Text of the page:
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Author Douglas Coupland

Ken Mayer

Title
Worst. Person. Ever.
Author
Douglas Coupland
Genre
Fiction
Publisher
Random House Canada
Pages
317
Price
$30

Most ideas are bad; most idea people are fakers. The first part was probably always true; the second part is maybe truer now that anyone with a Tumblr or an unlocked Twitter account has a recognized public forum. While the internet has democratized who can have ideas, and how, it has also diluted their individual value. Ideas, good ones and bad ones, get flattened by the style and cycle of the internet, and being an idea person, or what used to be called a "public intellectual," has fundamentally changed in its meaning and prospects. It seems like if there's still a viable way to be an idea person, it's that it should be a pivot from single-platform self-seriousness, and it should probably be fun: it's better to be a Neil deGrasse Tyson, who tweeted scientific corrections to the movie Gravity, than a Jonathan Franzen, whose novels are way too good and prescient about contemporary life for him to misunderstand the online experience as completely as he seems to.

Douglas Coupland has been, and remains, an idea guy, and he seems to be having the most fun. His new novel, Worst. Person. Ever. is a nastily immersive speed-read in the manner of Sam Lipsyte's The Ask or anything by Chuck Palahniuk. In it, Raymond is an English cameraman, on the jerk spectrum somewhere in between Keith Talent and that guy who comes to a party with nothing and leaves, at 4 a.m., with four cans of beer stuffed into his coat pockets. Low on cash, Raymond is sent on assignment to Kiribati to film a Survivor-style reality show by his contemptuous ex-wife-cum-agent Fiona. From there, the Jason Bourne-obsessed Raymond goes on a misanthropic smash-and-grab – one guy literally dies, of a heart attack, after enduring Raymond's spitting vitriol – in London and L.A.; through airport lounges and on international flights; during a Hawaiian hospitalization; over the Pacific Trash Vortex; on an air-force base; and in a hotel, and golf carts, and a Zodiac.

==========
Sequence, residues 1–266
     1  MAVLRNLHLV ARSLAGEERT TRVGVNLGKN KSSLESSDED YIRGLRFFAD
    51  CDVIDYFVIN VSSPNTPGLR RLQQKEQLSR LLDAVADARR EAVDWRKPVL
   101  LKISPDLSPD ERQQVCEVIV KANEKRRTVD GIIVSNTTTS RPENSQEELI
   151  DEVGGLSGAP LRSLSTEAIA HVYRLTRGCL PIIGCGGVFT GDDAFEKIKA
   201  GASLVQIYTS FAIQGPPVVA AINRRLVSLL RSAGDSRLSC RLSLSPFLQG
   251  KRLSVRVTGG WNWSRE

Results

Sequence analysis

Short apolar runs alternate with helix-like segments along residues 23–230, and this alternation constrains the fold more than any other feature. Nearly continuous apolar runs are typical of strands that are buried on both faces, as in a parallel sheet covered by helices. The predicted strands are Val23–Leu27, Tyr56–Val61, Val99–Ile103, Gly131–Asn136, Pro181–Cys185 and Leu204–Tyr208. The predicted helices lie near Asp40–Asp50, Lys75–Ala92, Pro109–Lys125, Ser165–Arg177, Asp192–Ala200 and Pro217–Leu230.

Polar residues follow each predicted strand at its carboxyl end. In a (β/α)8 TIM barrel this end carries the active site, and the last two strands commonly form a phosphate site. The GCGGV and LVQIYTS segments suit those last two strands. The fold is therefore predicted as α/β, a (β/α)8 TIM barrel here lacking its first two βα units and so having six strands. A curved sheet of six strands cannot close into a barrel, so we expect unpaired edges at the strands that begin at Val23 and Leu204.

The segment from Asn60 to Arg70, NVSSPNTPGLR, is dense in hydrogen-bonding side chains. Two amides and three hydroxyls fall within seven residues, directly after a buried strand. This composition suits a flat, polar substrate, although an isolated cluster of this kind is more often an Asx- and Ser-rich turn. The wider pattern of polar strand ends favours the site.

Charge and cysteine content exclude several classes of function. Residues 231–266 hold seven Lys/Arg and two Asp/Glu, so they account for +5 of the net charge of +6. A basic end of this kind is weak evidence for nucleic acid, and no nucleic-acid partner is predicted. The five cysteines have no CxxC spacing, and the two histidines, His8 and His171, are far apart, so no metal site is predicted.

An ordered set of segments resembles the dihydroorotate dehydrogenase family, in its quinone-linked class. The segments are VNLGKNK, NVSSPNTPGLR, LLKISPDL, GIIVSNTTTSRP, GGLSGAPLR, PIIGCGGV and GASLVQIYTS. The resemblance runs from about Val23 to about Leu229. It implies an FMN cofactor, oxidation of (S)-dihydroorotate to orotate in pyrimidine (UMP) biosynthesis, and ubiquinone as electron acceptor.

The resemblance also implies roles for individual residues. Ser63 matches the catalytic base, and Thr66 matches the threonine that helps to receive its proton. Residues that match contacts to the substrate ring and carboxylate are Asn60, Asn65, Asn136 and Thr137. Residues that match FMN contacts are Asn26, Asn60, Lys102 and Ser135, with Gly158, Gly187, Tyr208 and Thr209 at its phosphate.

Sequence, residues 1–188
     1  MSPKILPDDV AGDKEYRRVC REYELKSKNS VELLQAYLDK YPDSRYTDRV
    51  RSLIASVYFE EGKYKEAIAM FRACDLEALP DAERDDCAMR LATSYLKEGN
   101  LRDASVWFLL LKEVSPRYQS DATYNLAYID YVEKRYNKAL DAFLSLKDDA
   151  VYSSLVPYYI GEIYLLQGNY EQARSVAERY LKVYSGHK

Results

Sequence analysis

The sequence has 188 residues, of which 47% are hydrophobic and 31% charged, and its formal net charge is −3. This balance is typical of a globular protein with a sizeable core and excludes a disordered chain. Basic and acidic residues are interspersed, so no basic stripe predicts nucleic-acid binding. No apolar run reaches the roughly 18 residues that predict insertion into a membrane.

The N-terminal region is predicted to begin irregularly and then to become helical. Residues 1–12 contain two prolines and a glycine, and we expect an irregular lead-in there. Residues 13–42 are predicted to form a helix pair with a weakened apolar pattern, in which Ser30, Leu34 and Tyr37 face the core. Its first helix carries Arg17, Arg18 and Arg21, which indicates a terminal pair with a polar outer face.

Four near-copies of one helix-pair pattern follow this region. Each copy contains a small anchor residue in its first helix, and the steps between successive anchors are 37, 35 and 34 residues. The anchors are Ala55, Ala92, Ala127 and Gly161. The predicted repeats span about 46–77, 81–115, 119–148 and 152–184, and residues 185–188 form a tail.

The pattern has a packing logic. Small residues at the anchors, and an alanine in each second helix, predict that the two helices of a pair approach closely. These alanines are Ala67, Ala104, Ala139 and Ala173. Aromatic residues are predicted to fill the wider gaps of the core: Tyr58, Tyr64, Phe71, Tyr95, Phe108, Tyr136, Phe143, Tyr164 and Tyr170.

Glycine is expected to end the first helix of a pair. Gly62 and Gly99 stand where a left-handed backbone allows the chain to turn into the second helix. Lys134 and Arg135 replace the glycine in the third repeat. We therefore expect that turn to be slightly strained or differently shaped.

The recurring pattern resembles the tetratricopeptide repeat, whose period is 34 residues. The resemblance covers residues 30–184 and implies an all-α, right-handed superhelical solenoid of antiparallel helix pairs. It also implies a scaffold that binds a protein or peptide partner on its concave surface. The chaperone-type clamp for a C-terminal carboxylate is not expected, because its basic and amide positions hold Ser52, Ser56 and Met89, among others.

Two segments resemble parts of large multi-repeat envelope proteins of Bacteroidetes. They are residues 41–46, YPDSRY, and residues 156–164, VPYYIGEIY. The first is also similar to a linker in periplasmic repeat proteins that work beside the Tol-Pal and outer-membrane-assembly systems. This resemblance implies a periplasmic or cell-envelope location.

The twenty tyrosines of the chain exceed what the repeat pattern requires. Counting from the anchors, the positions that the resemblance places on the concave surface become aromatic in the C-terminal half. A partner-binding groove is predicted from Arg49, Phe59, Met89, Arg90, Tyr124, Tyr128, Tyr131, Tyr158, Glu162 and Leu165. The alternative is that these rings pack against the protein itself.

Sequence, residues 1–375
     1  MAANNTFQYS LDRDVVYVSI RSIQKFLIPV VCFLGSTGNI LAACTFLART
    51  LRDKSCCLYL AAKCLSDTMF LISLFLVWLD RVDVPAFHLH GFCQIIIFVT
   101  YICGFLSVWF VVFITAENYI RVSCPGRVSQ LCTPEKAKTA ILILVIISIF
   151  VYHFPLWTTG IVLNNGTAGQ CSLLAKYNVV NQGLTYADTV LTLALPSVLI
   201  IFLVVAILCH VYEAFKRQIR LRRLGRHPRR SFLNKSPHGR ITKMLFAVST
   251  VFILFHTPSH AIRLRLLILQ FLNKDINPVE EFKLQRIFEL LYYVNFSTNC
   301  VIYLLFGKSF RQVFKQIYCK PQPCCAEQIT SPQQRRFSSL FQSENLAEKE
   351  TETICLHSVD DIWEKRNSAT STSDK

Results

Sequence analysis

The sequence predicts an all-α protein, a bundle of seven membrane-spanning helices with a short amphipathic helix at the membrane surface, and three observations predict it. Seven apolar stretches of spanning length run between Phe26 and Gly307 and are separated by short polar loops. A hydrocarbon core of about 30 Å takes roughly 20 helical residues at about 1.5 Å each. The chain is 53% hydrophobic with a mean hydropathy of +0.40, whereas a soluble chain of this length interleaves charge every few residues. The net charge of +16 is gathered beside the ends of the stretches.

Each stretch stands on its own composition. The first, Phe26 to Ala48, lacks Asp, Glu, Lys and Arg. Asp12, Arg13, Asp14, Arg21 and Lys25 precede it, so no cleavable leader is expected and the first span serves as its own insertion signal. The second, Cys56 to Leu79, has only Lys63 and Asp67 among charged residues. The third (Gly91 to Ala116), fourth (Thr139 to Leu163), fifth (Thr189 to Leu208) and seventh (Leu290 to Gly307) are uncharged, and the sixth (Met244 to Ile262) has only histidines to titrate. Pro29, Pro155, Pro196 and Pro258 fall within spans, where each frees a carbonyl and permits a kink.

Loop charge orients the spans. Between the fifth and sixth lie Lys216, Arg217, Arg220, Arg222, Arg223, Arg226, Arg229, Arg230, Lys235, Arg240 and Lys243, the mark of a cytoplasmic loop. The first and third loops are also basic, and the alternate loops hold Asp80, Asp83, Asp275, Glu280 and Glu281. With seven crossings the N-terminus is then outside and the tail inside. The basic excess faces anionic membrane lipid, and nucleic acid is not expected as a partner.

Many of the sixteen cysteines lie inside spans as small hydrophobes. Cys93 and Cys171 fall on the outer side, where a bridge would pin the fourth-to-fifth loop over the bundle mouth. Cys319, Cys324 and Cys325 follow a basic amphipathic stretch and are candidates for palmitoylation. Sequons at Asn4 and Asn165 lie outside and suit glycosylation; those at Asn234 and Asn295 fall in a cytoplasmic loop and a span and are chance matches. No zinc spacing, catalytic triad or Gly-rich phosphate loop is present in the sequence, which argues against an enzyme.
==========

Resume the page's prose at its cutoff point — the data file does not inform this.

Coupland throws punches at the widest breadth of contemporary (you might say "accelerated") pop culture, inclusive of Tyler Brûlé's Monocle, reality television and password registration. The book "began, improbably, as an attempt in McSweeney's No. 31 to reinvigorate the biji," the introductory note to the novel reads, a Chinese literary form which "can contain anecdotes, quotations, random musings, philological speculations, literary criticism" and whatever else. But W.P.E. generally adheres to the familiar, ironic exaggeration of literary satire, instead of Coupland's more usual simulacrum of popular culture. The novel is also overwhelmingly vulgar. Coupland, very much a literalist, makes significant use of Raymond's personal grotesqueries, including his "kacked" pants; the character tells a homeless man that he doesn't want to get "superAIDS" from his beard and calls his assistant a "fecal-scented golem." It's pretty gross. Raymond is a one-man Greek chorus pulling down his pants; the satire is shamelessly disgusting, a level of bathroom humour I wouldn't have guessed for this author, but Coupland's point and point-of-view are never obscured.

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Coupland's style and influence is almost inseparable from the culture he's commented on; not necessarily in fiction, really, but in how people of certain generations talk and think (and, yeah, tweet). I was an underage peanut when his first and most publicly defining book, Generation X, came out, and it made Coupland my J.D. Salinger. His stuff was realer, more present to me. Now, after his white-hot streak, but well into a varied career, he is among the few minds working consistently and actively across books and art and TV ; in this kind of impossibly broad context, Worst.Person.Ever. seems less like some definitive statement on garbage TV and bad sex and coke and war and how it all ends, and more like an entry – a fun one – in a personal, pop-cult canon of its own.

Kate Carraway is a Toronto-based writer.

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